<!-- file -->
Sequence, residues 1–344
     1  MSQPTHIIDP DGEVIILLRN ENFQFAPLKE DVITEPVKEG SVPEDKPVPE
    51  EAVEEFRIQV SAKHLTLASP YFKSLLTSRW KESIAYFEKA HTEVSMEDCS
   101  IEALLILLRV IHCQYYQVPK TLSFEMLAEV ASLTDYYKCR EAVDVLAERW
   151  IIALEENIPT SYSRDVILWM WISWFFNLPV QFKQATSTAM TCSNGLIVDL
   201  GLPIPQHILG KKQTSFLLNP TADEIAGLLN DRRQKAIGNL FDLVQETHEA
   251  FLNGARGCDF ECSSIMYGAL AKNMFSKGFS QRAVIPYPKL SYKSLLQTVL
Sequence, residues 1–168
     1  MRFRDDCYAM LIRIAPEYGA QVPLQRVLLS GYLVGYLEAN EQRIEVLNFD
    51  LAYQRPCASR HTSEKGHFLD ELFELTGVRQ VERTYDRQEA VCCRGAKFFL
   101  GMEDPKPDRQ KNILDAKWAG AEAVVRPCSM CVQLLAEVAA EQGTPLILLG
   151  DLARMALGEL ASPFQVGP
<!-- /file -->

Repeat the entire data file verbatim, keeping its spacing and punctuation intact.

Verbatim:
Sequence, residues 1–344
     1  MSQPTHIIDP DGEVIILLRN ENFQFAPLKE DVITEPVKEG SVPEDKPVPE
    51  EAVEEFRIQV SAKHLTLASP YFKSLLTSRW KESIAYFEKA HTEVSMEDCS
   101  IEALLILLRV IHCQYYQVPK TLSFEMLAEV ASLTDYYKCR EAVDVLAERW
   151  IIALEENIPT SYSRDVILWM WISWFFNLPV QFKQATSTAM TCSNGLIVDL
   201  GLPIPQHILG KKQTSFLLNP TADEIAGLLN DRRQKAIGNL FDLVQETHEA
   251  FLNGARGCDF ECSSIMYGAL AKNMFSKGFS QRAVIPYPKL SYKSLLQTVL
Sequence, residues 1–168
     1  MRFRDDCYAM LIRIAPEYGA QVPLQRVLLS GYLVGYLEAN EQRIEVLNFD
    51  LAYQRPCASR HTSEKGHFLD ELFELTGVRQ VERTYDRQEA VCCRGAKFFL
   101  GMEDPKPDRQ KNILDAKWAG AEAVVRPCSM CVQLLAEVAA EQGTPLILLG
   151  DLARMALGEL ASPFQVGP